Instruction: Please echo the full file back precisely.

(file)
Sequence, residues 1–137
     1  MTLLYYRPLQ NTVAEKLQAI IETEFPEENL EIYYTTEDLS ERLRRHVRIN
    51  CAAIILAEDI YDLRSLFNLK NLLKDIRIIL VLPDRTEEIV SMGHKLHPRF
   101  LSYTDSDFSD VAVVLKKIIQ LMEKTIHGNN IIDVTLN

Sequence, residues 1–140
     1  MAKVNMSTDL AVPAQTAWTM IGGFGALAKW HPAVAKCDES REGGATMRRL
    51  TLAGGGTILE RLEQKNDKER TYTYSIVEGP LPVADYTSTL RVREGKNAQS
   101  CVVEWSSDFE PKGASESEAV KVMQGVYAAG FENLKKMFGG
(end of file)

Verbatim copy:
Sequence, residues 1–137
     1  MTLLYYRPLQ NTVAEKLQAI IETEFPEENL EIYYTTEDLS ERLRRHVRIN
    51  CAAIILAEDI YDLRSLFNLK NLLKDIRIIL VLPDRTEEIV SMGHKLHPRF
   101  LSYTDSDFSD VAVVLKKIIQ LMEKTIHGNN IIDVTLN

Sequence, residues 1–140
     1  MAKVNMSTDL AVPAQTAWTM IGGFGALAKW HPAVAKCDES REGGATMRRL
    51  TLAGGGTILE RLEQKNDKER TYTYSIVEGP LPVADYTSTL RVREGKNAQS
   101  CVVEWSSDFE PKGASESEAV KVMQGVYAAG FENLKKMFGG